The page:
The DPA 4061 and 4071 lavalier microphones exemplify artistic design, exact manufacture and meticulous high quality management, leading to constant efficiency and distinctive on-set movement image audio recording.
To Chris Countryman and Omer T. Inan for his or her engineering of the subminiature high-performance Countryman Associates lavalier microphones.
Originated by firm founder Carl Countryman (1946–2006), these meticulously crafted subminiature microphones are simply hid. Their spectral response-shaping filters, cable mounting and capsule design contribute to their vast adoption by movement image manufacturing sound mixers.
To Fredrik Limsäter, Björn Rydahl and Mattias Lagergren for the design, structure and engineering of ftrack Studio.
An extensible, environment friendly and intuitive post-production monitoring software program system, ftrack Studio has enabled small and enormous studios alike to effectively schedule and handle advanced digital movement image animation and visible results.
To Don Parker for the product imaginative and prescient and design, Matt Daw for the core structure, and Isaac Reuben, Colin Withers and Neil Brandtfor the foundational engineering, of the Autodesk Shotgun post-production monitoring system.
An extensible, web-based, versatile and scalable system, Shotgun has enabled the environment friendly administration of extremely advanced visible results and animation post-production workflows. By facilitating deep integration into all kinds of facility pipelines, Shotgun has efficiently productized the monitoring of advanced manufacturing knowledge on large-scale movement footage.
SCIENTIFIC AND ENGINEERING AWARDS (ACADEMY PLAQUES)
To Dr. Zvi Reznic, Professor Meir Feder, Man Dorman and Ron Yogev for the event of the Amimon wi-fi chipset, which allows untethered, high-quality on-set, encrypted digital video monitoring with sub-frame latency.
Through the use of novel extensions of digital knowledge transmission and compression algorithms, and knowledge prioritization based mostly on error fee, the Amimon chipset helps the creation of methods with nearly unrestricted digital camera movement, increasing artistic freedom throughout filming.
To Nicolaas Verheem, Greg Smokler and Ilya Issenin for the event of the ruggedized Teradek Bolt wi-fi video transmission system for on-set distant monitoring.
The Teradek Bolt system includes a frame-synchronized again channel for real-time digital camera management, an error-resilient timecode channel and built-in manufacturing metadata, which have led to its widespread adoption in movement image manufacturing.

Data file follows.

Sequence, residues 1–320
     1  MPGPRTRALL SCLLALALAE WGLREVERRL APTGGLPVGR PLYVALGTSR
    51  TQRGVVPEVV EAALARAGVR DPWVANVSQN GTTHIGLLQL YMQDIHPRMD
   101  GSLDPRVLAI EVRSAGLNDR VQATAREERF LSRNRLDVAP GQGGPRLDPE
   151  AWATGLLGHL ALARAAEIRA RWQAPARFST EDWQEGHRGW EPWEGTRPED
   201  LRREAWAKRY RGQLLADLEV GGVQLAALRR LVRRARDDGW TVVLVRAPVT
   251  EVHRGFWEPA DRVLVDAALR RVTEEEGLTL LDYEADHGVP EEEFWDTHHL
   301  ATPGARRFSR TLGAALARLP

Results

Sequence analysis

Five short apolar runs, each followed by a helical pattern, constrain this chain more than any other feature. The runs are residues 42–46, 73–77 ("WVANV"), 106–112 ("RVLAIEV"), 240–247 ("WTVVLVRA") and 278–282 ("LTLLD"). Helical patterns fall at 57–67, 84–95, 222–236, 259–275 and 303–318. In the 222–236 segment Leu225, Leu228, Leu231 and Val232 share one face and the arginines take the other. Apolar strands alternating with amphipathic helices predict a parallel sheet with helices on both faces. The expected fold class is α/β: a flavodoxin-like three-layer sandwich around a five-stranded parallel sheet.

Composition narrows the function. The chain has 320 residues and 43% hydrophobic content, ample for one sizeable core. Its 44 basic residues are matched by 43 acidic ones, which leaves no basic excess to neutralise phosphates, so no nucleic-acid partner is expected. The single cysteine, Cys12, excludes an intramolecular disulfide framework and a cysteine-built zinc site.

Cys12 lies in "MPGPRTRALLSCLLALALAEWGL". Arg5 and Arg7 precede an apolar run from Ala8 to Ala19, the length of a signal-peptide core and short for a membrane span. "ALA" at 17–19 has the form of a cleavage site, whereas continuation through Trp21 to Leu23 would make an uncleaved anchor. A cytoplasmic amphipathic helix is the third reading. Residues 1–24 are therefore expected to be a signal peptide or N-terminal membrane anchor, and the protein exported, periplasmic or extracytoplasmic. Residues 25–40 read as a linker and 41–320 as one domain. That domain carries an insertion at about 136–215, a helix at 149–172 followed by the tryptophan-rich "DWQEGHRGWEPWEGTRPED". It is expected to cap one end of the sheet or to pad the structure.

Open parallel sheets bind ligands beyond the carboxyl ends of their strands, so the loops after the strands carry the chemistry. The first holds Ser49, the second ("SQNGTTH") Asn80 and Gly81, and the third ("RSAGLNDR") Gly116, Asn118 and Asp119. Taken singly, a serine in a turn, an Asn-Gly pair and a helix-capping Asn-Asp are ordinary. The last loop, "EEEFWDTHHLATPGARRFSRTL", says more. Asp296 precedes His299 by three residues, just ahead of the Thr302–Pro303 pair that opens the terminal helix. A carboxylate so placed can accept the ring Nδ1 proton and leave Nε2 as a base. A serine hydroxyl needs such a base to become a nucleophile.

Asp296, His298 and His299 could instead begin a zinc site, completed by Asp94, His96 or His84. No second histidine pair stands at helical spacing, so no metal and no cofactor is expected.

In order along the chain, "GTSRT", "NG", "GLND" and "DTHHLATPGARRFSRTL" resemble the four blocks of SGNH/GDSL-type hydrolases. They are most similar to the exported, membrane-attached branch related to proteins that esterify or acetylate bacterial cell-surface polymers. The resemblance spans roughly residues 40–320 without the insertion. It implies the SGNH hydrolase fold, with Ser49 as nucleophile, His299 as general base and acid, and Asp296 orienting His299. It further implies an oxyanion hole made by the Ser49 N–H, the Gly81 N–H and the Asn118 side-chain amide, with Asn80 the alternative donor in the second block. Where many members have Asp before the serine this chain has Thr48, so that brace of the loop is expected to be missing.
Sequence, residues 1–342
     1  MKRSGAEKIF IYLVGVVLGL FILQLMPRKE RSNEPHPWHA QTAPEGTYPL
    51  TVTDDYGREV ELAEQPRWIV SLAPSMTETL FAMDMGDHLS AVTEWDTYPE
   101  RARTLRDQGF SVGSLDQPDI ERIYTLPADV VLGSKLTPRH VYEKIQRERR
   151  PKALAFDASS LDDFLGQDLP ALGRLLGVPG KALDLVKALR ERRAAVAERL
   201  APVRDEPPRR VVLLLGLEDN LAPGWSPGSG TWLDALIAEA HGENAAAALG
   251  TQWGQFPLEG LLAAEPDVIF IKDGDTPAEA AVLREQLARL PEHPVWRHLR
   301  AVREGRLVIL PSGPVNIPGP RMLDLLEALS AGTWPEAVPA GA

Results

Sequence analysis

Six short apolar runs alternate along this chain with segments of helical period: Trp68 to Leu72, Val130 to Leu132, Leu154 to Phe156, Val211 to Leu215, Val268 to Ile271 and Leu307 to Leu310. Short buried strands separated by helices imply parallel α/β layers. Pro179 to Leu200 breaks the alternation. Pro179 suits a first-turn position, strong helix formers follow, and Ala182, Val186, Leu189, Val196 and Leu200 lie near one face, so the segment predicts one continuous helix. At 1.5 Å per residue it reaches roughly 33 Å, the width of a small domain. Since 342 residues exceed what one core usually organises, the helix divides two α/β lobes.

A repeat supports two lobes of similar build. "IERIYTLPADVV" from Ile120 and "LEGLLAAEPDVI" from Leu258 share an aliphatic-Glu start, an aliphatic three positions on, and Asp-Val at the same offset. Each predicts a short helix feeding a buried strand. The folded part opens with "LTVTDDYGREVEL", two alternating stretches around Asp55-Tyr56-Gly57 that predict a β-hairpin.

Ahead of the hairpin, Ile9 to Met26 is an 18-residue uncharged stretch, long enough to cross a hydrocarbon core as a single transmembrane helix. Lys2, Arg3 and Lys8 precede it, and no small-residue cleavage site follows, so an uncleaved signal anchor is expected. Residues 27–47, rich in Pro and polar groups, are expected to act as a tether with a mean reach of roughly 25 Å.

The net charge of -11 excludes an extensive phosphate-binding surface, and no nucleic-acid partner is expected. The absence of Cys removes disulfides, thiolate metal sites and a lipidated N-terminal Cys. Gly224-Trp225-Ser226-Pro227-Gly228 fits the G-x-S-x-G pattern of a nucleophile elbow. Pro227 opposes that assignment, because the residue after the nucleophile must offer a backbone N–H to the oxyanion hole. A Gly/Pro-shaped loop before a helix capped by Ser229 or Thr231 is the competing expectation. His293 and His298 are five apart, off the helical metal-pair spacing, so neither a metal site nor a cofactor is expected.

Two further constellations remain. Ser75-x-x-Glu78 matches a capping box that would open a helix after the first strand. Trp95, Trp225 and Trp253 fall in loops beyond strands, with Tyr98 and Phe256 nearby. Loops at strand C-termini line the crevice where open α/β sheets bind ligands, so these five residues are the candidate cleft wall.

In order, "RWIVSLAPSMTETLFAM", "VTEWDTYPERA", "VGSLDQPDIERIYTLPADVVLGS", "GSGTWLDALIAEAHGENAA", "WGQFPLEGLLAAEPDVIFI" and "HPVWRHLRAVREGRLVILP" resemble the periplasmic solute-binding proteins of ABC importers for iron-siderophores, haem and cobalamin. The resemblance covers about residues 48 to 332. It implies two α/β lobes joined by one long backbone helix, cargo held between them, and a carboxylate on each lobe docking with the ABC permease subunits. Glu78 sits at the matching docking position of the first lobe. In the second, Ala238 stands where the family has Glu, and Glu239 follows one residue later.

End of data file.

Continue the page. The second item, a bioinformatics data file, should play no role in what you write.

To Alexey Lukin and the Group of Mathematicians, Software program Engineers, Sound Designers and Product Specialists of iZotope, Inc. for the event of the RX audio processing system.
That includes spectral processing algorithms enhanced with machine studying, the iZotope RX system is extensively favored by movement image sound professionals for audio restore and enhancement.
To Jeff Bloom, Man McNally and Nick Rose for the unique idea and engineering of the Wordfit System for computerized ADR synchronization, and to John Ellwood and Jonathan Newland for the engineering and growth of VocALign and Revoice Professional.
Wordfit revolutionized the method of publish sync ADR by eliminating the necessity for handbook modifying to good lip sync. VocALign and Revoice Professional are software program instruments that collectively give sound editors unprecedented management over the ultimate efficiency in changed dialog. In use for a few years, these applied sciences proceed their predominance within the creation and seamless integration of alternative dialog tracks in movement footage.
To Sanken Microphone Firm Restricted for the unique innovation and steady refinement of the Sanken COS-11 collection of miniature lavalier microphones.
Sanken’s early engineering work in microphone orientation and miniaturization has impressed the present era of lavalier microphones. The distinctive sound high quality and sturdiness of the COS-11 collection have made them the predominant lavalier microphones utilized in movement image manufacturing sound recording.